Monday, August 28, 2006

Ours Is No Caravan of Despair

For the the September UU Blog Carnival, Rev. Sean asked for submissions to the question:

“What gets you through the hard night?” More specifically, what is it in our faith tradition, that brings you the strength and/or comfort you need to face difficult times? Are there theological concepts, specific words, hymns, practices that sustain you in trying times?"

Hard night?

The night of January 18th found my husband and I in a hospital room with our 7 month old baby daughter.

That morning, she and I had gone to playgroup at our UU church, and from there, an appointment with the pediatrician for a strange lump on one side. Perhaps it was just gas, I had thought.

After that was, as they say, a blur. Bits and pieces come into focus: creeping along the freeway during rush hour, trying to get her to the Children’s Hospital. A doctor here, an intern there, words like “mass” and “Wilms’ Tumor.”

And cancer. Cancer, with a capital C.

It was late, that night, when we got to our room. She had not been formally diagnosed yet, but when the elevator doors opened, there it was, in black and white. “Pediatric Oncology Floor.”

I didn’t want to let her out of my arms, and I slowly danced with her, careful of the iv in her little hand. One song kept repeating itself in my mind:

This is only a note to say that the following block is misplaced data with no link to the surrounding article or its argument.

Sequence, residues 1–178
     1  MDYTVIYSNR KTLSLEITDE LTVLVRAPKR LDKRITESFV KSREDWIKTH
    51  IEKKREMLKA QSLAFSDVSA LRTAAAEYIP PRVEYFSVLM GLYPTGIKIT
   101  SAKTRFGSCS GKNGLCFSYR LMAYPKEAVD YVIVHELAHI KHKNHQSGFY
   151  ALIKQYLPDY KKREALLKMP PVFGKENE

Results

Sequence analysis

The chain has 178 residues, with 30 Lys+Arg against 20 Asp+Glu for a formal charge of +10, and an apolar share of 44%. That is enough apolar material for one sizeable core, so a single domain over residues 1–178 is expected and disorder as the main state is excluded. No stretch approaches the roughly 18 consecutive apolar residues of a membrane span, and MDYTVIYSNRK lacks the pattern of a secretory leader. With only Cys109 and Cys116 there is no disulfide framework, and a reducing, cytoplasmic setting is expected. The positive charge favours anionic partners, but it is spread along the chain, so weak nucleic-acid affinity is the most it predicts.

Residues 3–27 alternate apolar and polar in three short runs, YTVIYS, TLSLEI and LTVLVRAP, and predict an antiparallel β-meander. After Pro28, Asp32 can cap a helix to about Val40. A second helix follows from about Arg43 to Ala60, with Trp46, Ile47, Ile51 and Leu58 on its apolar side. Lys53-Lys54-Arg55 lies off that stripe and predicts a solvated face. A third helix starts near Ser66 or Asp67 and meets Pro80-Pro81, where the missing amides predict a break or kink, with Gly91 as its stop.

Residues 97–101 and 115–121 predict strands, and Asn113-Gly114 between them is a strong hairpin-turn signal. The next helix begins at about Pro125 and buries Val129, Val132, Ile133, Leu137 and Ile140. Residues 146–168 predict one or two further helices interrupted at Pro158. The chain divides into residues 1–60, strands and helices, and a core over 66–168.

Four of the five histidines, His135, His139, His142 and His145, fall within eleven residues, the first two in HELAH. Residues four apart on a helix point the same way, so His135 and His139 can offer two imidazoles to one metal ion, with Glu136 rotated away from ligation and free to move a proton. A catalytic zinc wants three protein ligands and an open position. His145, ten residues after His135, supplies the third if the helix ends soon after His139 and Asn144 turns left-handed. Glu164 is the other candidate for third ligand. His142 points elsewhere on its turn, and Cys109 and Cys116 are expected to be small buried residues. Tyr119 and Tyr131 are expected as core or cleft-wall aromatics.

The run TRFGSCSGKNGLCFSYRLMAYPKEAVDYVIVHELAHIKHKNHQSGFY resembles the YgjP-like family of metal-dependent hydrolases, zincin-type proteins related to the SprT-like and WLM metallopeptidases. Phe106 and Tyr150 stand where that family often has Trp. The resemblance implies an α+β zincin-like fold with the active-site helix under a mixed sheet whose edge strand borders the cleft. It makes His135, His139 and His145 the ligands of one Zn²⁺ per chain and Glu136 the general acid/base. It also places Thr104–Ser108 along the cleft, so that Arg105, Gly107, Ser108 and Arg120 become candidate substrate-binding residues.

Come, come whoever you are
Wanderer, worshipper, lover of leaving
Ours is no caravan of despair
Come, yet again, come.

Ours is no caravan of despair, I kept reminding myself. No caravan of despair. Ours is no caravan of despair.

The blur continued over the next 7 months. Chemotherapy. Being told the tumors had had “minimal response” to the chemo. Surgery, where they removed a grapefruit-sized tumor and 1/3 of one kidney and an orange-sized tumor and ½ of the other kidney.

The night of the surgery, her father and I bent over our daughter’s crib in the ICU. It was loud and cramped. Even with sedation, she slept fitfully. We began singing low,
Come, come, whoever you are
Wanderer, worshipper, lover of leaving
Ours is no caravan of despair
Come, yet again, come.

She is off-treatment now and we pray that “it is all over.” We hope to begin our new normal.

We are Unitarian Universalists. Our religion is one of hope. When one person has despair creeping in, may we always be there to offer another view. On one of my nights of quiet despair, a fellow UU blogger reminded me that “Weeping may endureth for a night, but joy cometh in the morning.” And at another low moment, a friend who had lost her son to leukemia told me, “You will live through this.”

Ours is no caravan of despair.

Come. Yet again, come.


heartward said...

Thank you Lizard Eater. That song has companioned me through dark times as well. Many blessings and much hope.

Joie DeVivre said...

I havent caught up on your blog for a while, so am really pleased to see LW doing so well (with the loo roll holder no less!) and your fab celebration of the normal. Particularly moved by this post and your strength. Your song reminds me of a great maori saying I saw the other day in my stop smoking booklet:

He iti hau marangai e tu te pahokahoka.

A little storm, and then a rainbow appears.